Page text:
Bill Kristol spent most of 2011 begging a credible conservative to jump into the GOP primary and save America from Mitt Romney. Hell, he even rang that bell when the primary was underway, and it became logistically impossible to pull it off.
The savior never emerged. Today, Kristol works out his frustrations by chucking the GOP standard-bearer beneath the spinning wheels of a speeding Greyhound.
It’s worth recalling that a good chunk of the 47 percent who don’t pay income taxes are Romney supporters—especially of course seniors (who might well “believe they are entitled to heath care,” a position Romney agrees with), as well as many lower-income Americans (including men and women serving in the military) who think conservative policies are better for the country even if they’re not getting a tax cut under the Romney plan. So Romney seems to have contempt not just for the Democrats who oppose him, but for tens of millions who intend to vote for him.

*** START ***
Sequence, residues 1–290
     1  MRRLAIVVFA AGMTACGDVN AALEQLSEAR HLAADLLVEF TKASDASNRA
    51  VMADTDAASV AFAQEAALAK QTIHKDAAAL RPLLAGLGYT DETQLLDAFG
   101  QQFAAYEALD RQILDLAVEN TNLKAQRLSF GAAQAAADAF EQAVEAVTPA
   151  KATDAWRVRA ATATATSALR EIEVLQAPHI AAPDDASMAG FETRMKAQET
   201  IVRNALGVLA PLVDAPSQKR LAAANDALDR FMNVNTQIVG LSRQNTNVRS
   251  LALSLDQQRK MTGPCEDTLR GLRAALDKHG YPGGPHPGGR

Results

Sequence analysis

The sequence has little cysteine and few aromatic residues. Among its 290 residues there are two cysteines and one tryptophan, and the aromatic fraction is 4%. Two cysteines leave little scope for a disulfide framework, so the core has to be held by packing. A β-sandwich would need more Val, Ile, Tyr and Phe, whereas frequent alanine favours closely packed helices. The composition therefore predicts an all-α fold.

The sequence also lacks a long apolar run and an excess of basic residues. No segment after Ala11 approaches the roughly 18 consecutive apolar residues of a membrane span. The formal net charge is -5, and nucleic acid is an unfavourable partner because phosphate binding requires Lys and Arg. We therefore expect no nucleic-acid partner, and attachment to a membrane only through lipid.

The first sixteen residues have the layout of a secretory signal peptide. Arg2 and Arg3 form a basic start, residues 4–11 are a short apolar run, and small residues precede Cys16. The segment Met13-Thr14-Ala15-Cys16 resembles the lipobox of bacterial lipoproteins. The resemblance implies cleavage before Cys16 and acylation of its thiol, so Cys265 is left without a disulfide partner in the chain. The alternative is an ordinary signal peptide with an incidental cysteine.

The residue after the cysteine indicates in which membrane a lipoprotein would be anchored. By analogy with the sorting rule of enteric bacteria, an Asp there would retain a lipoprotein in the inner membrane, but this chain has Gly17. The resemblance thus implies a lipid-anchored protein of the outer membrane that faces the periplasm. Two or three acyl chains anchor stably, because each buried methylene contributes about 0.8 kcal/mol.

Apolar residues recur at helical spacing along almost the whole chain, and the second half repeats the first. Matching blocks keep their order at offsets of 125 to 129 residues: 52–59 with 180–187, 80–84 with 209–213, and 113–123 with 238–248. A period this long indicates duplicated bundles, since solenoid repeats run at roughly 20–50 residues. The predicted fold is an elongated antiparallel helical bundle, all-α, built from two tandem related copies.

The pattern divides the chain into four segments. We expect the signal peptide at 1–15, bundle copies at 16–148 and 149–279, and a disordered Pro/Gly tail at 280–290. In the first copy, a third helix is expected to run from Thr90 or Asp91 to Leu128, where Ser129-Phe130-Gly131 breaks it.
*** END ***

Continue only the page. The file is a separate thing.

Are we seeing the first drafts of the November 7 arguments about why Romney lost? I’m not even saying Romney will lose. John Kerry had worse campaign difficulties, a more popular opponent, and a better economy to run against, and he nearly became president. But if Romney loses, conservatives will immediately start arguing that he betrayed them – that the elites betrayed them – and that a candidate who was by and for of the freedom movement would have won. It’s what they said after 2008. They won Congress in the next election. Why would they say otherwise?